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With the untimely death of Wangari Muta Maathai in late September, the world “lost a champion, sage and a visionary,” said Elisabeth Guilbaud-Cox of the UN Environment Program last night at the Washington, D.C. Memorial Service held in Wangari’s memory. 

Standing in the historic Metropolitan African Methodist Episcopal Church, classmates, colleagues, and friends laughed and cried as they recalled memories of the extraordinary Kenyan activist. As they spoke, they shared memories of her favorite parable of the hummingbird, her first experience with Kansas snow, and her love of singing. 

Many also shared visions for what her lasting legacy might be. “We wonder what we plant when we plant trees,” said Sister Thomasita Horman of Mount St. Scholastica Monastery. “[Wangari has] planted cooperation, freedom, peace, faith, responsibility, and compassion.” Every individual who came to speak – ranging from old classmate and close friend Florence Conrad Salisbury, to the Kenyan Ambassador to the U.S., H.E. Elkanah Odembo, to former President Clinton, who sent in a video tribute – expressed similar sentiments. “When the tree of Wangari fell, I think the whole world noticed,” said Ambassador Odembo, reminding us all of just how many lives Wangari’s work touched.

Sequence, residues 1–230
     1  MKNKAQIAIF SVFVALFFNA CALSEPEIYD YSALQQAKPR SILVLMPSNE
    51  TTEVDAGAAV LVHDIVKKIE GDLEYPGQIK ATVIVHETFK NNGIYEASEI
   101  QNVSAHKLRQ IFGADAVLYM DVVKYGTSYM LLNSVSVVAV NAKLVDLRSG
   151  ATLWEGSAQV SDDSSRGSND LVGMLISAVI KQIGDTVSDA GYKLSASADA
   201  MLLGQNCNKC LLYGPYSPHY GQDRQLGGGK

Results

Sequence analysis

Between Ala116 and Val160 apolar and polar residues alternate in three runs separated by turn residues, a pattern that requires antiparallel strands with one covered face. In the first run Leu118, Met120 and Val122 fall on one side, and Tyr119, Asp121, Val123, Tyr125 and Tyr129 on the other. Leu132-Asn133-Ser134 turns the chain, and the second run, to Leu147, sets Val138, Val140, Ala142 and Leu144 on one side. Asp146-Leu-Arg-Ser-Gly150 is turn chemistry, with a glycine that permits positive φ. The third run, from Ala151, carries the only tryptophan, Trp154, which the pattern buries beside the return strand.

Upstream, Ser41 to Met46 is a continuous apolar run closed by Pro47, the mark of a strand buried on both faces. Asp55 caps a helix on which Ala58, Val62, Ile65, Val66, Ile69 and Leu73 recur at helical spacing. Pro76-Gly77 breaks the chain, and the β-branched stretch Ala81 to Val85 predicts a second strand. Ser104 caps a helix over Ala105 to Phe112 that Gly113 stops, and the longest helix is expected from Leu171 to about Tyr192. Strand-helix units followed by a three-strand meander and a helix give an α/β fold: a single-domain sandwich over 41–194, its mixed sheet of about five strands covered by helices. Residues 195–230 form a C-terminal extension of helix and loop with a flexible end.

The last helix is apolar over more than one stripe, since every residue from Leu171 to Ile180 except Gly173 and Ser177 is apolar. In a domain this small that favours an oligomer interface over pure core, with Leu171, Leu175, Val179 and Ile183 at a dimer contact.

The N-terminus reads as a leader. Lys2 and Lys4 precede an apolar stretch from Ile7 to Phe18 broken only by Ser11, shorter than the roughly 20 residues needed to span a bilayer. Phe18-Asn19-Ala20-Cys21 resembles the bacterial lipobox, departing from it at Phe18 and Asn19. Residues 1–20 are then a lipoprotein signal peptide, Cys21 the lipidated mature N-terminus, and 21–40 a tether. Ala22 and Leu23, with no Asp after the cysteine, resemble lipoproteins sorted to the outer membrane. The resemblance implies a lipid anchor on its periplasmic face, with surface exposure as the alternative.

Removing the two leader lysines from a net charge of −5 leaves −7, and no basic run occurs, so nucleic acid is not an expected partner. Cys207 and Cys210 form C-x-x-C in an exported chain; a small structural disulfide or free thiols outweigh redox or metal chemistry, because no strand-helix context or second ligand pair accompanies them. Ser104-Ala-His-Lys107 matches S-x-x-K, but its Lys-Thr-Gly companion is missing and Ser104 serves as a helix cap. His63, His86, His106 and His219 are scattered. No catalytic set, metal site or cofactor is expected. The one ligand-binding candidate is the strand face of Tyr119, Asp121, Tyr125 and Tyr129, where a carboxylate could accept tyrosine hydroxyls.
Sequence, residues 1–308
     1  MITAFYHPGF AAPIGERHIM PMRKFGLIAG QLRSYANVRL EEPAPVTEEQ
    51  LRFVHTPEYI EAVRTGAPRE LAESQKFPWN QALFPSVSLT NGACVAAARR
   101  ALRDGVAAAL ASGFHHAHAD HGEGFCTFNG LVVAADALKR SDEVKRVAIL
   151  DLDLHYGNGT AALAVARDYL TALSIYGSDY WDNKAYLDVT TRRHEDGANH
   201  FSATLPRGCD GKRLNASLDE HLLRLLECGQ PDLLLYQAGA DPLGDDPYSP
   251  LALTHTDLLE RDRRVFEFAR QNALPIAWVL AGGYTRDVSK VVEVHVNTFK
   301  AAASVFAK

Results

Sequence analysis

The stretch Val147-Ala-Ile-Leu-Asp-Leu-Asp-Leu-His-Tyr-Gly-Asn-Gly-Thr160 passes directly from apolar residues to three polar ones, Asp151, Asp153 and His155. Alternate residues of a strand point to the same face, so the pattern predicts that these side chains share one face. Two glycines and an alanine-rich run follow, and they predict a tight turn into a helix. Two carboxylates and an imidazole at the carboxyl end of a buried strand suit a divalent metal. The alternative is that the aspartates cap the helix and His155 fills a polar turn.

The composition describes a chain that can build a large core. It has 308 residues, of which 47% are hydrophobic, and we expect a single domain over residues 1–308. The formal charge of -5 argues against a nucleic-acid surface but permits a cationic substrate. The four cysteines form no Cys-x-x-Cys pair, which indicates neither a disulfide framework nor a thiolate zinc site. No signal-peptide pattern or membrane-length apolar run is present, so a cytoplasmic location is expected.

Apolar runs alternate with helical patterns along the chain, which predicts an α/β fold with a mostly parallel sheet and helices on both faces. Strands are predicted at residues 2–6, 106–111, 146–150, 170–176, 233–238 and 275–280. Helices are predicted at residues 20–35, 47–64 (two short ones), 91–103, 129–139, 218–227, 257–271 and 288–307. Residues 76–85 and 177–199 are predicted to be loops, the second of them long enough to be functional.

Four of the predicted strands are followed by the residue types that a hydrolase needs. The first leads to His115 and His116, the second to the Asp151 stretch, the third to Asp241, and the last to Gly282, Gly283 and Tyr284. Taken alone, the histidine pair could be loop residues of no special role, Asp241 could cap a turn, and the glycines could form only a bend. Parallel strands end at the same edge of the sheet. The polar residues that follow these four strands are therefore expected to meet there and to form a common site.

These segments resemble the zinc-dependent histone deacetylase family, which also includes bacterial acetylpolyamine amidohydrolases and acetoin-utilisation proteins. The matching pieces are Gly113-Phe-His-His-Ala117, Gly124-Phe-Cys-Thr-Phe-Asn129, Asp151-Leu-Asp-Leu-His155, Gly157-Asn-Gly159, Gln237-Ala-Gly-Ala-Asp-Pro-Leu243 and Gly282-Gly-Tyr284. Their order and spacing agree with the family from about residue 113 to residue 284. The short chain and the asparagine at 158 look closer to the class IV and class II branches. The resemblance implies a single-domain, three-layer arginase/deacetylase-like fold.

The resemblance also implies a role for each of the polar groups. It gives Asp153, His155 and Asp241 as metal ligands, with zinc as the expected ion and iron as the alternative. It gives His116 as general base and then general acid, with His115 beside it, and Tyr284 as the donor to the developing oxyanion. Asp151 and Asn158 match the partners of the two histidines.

In Kenya, one way her legacy will live on is through the country’s new constitution. Thanks to Wangari’s efforts, as the Ambassador pointed out, women were prominently positioned; food, water, housing, and health were listed as basic human rights; and a chapter was included on land and the environment. While the Kenyan government had not always been Wangari’s greatest ally, Ambassador Odembo proposed one way the government can honor and support Wangari’s work: by implementing the constitution. The government has also honored her with a state burial, making her the third person in Kenyan history to receive this privilege. 

What most seemed to recall was Wangari’s infectious demeanor: the smile, laughter, warmth and humility she shared. “She was real, there was no pretense,” said Guilbaud-Cox. 

As Van Jones of Rebuild the Dream said, “the last word should be Wangari’s.” In honor of her great work and life we must “go out there and DO the best [we] can. That is all you can do. The best!” 

For more on how Wangari was a driving force behind our work at Vital Voices, read our president and CEO Alyse Nelson’s tribute to her.